More than 60 years after dedicating the first chairlift on Aspen Mountain, the Aspen/Snowmass experience continues to get better and better. With 4 mountains, 43 lifts, 5 terrain park, 3 pipes and more than 5,300 recreational acres, no other resort in the world offers so much.
Some of the world’s top adventure athletes call Aspen home, but everyone can get in on the mountain action, from summiting Colorado’s Fourteeners (peaks higher than 14,000 feet), rock climbing on Independence Pass, hiking to wildflower meadows and beautiful alpine lakes, to mountain and biking. Aspen and the Roaring Fork Valley offer boundless outdoor activities: skiing and snowboarding, whitewater rafting, fly-fishing, horseback riding, paragliding, snowmobiling, nature tours and more! This week our blog team takes a look at the names, info and facts about the peaks that surround Aspen, Colorado.
HISTORY & FACTS
The Aspen area was originally discovered by the Ute Indians and called “Shining Mountains.” Christened Ute City, the town of 300 residents was renamed Aspen in 1880. One of the largest nuggets of native silver ever found was mined in 1894 in Aspen from the Smuggler Mine. The nugget weighed in at a whopping 2,350 pounds! The town’s elevation is 7,908 feet, and 11,212 feet at the top of Aspen Mountain. The area receives about 200 inches of annual snowfall, and winter daytime temperatures average 20-45 degrees (cooler at night). Summer is ideal – with very low humidity, and highs and lows around 65-85 degrees.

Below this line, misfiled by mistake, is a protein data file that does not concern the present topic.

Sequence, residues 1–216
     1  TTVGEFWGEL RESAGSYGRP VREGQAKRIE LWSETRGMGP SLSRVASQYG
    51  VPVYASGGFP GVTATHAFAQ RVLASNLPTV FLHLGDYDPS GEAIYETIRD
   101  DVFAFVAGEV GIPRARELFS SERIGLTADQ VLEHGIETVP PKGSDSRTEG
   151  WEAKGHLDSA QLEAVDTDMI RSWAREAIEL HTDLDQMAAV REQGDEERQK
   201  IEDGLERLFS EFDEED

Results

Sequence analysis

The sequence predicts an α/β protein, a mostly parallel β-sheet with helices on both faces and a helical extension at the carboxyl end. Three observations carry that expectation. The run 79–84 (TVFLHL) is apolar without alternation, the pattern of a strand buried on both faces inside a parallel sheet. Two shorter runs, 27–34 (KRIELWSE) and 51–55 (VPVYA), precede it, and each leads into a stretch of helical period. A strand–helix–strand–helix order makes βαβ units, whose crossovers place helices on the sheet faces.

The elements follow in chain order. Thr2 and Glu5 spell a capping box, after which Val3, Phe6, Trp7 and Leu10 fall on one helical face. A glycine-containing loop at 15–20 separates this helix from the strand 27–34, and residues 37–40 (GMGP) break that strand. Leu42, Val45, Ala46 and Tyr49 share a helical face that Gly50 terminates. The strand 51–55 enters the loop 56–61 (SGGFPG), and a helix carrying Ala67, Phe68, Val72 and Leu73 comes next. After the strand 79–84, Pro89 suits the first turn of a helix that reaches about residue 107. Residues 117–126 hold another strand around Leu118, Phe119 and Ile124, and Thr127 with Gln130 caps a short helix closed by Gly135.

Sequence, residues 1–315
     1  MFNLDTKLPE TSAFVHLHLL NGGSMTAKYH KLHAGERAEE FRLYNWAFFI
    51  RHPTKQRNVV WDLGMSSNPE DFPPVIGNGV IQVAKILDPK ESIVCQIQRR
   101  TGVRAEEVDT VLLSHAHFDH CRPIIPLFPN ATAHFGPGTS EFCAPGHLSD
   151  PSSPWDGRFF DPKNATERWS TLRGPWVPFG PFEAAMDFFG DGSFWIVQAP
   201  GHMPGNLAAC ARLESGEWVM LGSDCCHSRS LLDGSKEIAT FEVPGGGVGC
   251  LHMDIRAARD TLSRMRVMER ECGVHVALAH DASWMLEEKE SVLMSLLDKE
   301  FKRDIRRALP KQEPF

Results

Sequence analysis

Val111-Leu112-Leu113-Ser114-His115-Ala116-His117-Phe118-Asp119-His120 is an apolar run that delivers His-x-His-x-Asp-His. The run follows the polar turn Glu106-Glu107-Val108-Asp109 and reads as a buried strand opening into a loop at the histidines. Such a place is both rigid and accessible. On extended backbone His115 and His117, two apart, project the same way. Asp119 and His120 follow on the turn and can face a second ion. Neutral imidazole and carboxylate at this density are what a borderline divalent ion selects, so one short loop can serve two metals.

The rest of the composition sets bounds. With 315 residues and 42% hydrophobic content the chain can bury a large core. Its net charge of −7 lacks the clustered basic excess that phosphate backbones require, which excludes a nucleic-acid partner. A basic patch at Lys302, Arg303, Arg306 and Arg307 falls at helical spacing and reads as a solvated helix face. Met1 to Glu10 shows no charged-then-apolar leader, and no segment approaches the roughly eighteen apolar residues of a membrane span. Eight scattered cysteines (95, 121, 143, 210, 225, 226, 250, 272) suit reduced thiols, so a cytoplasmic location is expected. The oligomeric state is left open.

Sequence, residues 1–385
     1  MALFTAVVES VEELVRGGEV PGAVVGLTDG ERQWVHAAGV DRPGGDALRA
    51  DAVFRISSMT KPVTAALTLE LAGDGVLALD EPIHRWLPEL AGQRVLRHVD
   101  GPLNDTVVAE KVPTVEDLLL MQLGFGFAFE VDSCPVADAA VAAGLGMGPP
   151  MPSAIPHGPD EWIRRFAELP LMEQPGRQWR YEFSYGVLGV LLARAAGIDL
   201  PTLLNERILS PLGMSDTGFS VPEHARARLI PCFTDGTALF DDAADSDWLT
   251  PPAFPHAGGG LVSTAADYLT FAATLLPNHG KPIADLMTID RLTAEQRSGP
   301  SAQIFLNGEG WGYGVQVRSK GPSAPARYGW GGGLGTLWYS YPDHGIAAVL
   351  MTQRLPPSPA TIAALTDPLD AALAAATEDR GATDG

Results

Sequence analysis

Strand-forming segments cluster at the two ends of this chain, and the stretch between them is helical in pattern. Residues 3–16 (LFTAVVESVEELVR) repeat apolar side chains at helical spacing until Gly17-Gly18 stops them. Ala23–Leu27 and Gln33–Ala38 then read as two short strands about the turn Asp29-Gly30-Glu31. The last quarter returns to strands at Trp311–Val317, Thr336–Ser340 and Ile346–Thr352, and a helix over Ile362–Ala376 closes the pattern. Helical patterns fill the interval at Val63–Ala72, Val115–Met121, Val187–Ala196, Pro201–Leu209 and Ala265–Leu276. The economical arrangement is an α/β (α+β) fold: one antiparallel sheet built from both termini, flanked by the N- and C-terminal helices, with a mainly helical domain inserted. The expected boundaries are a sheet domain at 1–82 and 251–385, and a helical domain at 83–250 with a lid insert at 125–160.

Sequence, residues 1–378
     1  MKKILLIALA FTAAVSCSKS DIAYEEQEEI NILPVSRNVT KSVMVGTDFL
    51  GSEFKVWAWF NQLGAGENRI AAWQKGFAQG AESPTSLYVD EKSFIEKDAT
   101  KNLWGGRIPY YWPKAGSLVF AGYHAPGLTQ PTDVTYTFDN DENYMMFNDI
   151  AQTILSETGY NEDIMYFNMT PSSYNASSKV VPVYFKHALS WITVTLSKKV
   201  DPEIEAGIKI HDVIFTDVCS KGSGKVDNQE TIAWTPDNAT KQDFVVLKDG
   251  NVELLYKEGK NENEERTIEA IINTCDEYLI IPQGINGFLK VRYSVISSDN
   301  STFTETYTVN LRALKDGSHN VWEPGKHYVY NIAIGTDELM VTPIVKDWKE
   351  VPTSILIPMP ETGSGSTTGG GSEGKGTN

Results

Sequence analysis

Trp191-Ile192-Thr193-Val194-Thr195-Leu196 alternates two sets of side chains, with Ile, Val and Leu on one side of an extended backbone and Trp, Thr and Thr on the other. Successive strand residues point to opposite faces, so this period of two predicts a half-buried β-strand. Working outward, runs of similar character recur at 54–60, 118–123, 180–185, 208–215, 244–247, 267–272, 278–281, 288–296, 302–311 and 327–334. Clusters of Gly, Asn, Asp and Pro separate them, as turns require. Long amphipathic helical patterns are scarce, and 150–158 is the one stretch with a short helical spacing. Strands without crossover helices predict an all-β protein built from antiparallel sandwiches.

Aspen Mountain is a vertical playground of skiing and snowboarding options. There are double-black and tree runs as well as groomed intermediate cruising runs under Ruthie’s and Ajax Express lifts. Experience all of the beauty inside Aspen Mountain’s Silver Queen Gondola.
Locals call Aspen Highlands their favorite. Rising 3,635 vertical feet, Aspen Highlands offers some of the most challenging skiing in North America. Ski and ride Highlands Bowel with locals as you work on your technique and explore new terrain.
Home of the ESPN Winter X Games, Buttermilk Mountain also welcomes beginners. Less experienced skiers and riders cruise wide, rolling trails while experts job in the terrain parks or the super pipes.
Ride the eight-person Elk Camp Gondola at Snowmass, which will whisk you from Base Village to the top in just 8.5 minutes. Combined with the Village Express six-lack and sky cab gondola, the lift network at Snowmass promises to get you up the mountain almost as fast as you come down. Snowmass boasts, three terrain parks, one super pipe and one mini pipe.
Just outside of Aspen are the Maroon Bells, two peaks in the Elk Mountain that are separated by only a third of a mile. Both peaks are Fourteeners, and the view from the southwest is one of the most visited and photographed destinations in the state. The Maroon Bells are accessible only in the summer, and is closed in the winter.
Drive east out of Aspen along Highway 82 and you’ll experience on of the best high-mountain passes in the Rocky Mountains – Independence Pass. The top (at 12,095 feet) is nestled right on the Continental Divide in the amazing Sawatch Range. Independence Pass is only open during summer months, and is typically closed from November through May.